3 Human Parameter Sensitivity The agent movement algorithm of FDS+Evac has many parameters. ωi the contact force. Test geometries used to calculate the speciﬁc ﬂows through doors and corridors. e. Bi . the production of CO and other toxic gases depend largely on the user inputs. the ﬁre information in the evacuation meshes is ﬁne enough for the accuracy level of the evacuation calculation. ωi .. see Figure 11. Ai . Bi . λw . Two different geometries were used in the Monte Carlo simulations. The others are the parameters of the chosen movement 0 . To test the relative importance of these parameters. One of the geometries was used to study the ﬂow through a narrow door and through a wide door and the other geometry was used to study ﬂows in a corridor using densities 1. vi . Thousand egress simulation with different random initial properties were performed for each of these four different cases.g. 0 It is seen from Figure 12 that the parameters Ai .1. Bi . τi . and Iiz were varied ±20 % about their means using uniform distributions. Aw . Bw . λi .5. vi . Some of these are related to the physical description of humans. like the body size. but the basic movement algorithm has not changed for version 2. τi . λi . τiz . There were 100 agents randomly located at the 5 × 5 m2 square in the door ﬂow calculations. Model Sensitivity 2m 10 m 2m 2m 5m 10 m 5m 15 m 10 m 111111111111111111111 000000000000000000000 000000000000000000000 111111111111111111111 000000000000000000000 111111111111111111111 000000000000000000000 111111111111111111111 000000000000000000000 111111111111111111111 000000000000000000000 111111111111111111111 000000000000000000000 111111111111111111111 000000000000000000000 111111111111111111111 000000000000000000000 111111111111111111111 000000000000000000000 111111111111111111111 000000000000000000000 111111111111111111111 000000000000000000000 111111111111111111111 000000000000000000000 111111111111111111111 000000000000000000000 111111111111111111111 000000000000000000000 111111111111111111111 000000000000000000000 111111111111111111111 000000000000000000000 111111111111111111111 000000000000000000000 111111111111111111111 000000000000000000000 111111111111111111111 000000000000000000000 111111111111111111111 000000000000000000000 111111111111111111111 2m Figure 11. which have the greatest effect on speciﬁc ﬂows. The default “Adult” agent type of FDS+Evac was used in the calculations. the mass. and the moment of inertia. so there is no need to recalculate these simulations. and Bw have the largest impact on the speciﬁc ﬂows through doors and corridors.1. cd . Ai . but in total 0 0 eleven model parameters. Thus. Corridor ﬂow calculations had 96 or 192 agents inside the corridor depending on the density.0. The monitored output quantity was the speciﬁc ﬂow in all cases and the Spearman’s rank correlation coefﬁcients (RCC) were calculated for these four cases and they are shown in Figure 12. ki . τiz . the parameters of the social force.0 and 2. further simulations were 35 . κi .0. The calculations were done using Evac version 2. Monte Carlo simulations were performed to ﬁnd the parameters.0 persons per square metre. τi . λi . the walking speed. and the parameters of model. 5. There are many more factors affecting the calculation of the ﬁre– agent interaction more than the spatial resolution of the evacuation and ﬁre meshes.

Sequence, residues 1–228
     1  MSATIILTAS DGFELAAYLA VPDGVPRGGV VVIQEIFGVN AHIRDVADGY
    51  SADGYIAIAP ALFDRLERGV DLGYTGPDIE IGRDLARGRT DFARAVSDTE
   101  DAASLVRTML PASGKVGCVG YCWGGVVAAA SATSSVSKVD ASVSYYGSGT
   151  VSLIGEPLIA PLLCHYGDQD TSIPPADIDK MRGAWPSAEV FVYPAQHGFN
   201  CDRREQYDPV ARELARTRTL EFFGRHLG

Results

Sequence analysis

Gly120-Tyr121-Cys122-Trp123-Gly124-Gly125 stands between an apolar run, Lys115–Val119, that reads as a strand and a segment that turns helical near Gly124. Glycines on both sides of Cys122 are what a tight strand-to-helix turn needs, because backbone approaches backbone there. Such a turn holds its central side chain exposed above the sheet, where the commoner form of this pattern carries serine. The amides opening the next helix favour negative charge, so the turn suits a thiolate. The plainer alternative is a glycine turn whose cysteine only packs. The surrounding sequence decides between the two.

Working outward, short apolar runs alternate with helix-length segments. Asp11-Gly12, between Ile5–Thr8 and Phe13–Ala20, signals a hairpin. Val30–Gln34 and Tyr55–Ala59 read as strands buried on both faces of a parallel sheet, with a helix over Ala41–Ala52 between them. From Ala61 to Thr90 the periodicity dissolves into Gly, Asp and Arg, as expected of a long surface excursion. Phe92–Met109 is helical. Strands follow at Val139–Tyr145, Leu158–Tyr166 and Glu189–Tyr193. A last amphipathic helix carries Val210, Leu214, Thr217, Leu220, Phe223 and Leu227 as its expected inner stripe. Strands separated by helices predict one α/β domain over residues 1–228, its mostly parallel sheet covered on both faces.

because agents are randomly positioned. thus.10 -0.8 m Door 2.8 1.6 Rank Correlation Coefficient 0.05 0.5. For the density 1.0 m and 2. Widths 0. controls how eager agents are to push those who are in front of them. larger A and/or B .4 0.0/m2 Door 0. the speciﬁc ﬂow for door geometry will decrease.. 1 and 5.0 0. Each of these six parameters were varied separately and 100 simulations were done for each discretely chosen value of the parameters. v 0 .10 -0.05 Rank Correlation Coefficient Figure 12.0 m Corr 2.0 m were used for doors and human densities 1.8 m and 2.6 -0. The results of these.0 m-2 and 2. of course. The anisotropy parameter of the social force. Larger social force. because it is known that around this density the speciﬁc ﬂow has its maximum value. increase the speciﬁc ﬂow. 36 . is less than unity. in total almost 20 000 simulations. increasing the motive force to go forward.e. Note that in FDS+Evac the initial properties and positions of the agents are not deterministic. λi .20 -0. Two different door widths. where the markers represent the average of 100 simulations and standard deviations are shown as error bars. are sampled from random distributions and there are small random forces in Eqs. Increasing the walking velocity will.0 m-2 were used for corridors. are shown in Figure 13. The corridor case has a constant agent density.0 -0. increases speciﬁc ﬂows quite rapidly for the door geometry. Increasing the values of Ai and Bi increases the social force which tries to keep agents apart from each other and. when the anisotropy parameter. the parameters Rd .0 m Corr 2. 1. these two parameters can not have an effect through the density.0/m2 Corr 1. increasing its value will make the effective width smaller and this will decrease speciﬁc ﬂows slightly.00 0.2 0. When λi is large then agents are ’pushy’.e.0/m2 Corr 1. and τi .4 Door 0.8 m Door 2. This effect is not as pronounced in the corridor case. Thus.2 0. were chosen to represent a narrow and a wide door. done to quantify these effects. will make a forward walking person to reduce his/her speed in order not to step on someone’s heels.0 m. 0 persons per square metre the corridor ﬂow is mainly speciﬁed by the used distribution for the unimpeded walking speeds.0/m2 Bw λw τz ω0 Iz 0. because there is no free space in front of the agents to accelerate and also the agents are already moving with some velocity whereas they are almost standing and waiting their turn in front of the door. Corridor ﬂow was calculated using a density of 2. λi .15 -0.0 persons per square metre. because at this density the agents can move relatively independently of each others in the corridor. Decreasing τi . The effect of the wall force parameter Bw is to modify the effective width of doors and corridors. i. Rank correlation coefﬁcients (RCC) for speciﬁc ﬂows through doors and corridors. thus. Model Sensitivity v0 Aw τ λ A B -0.. i.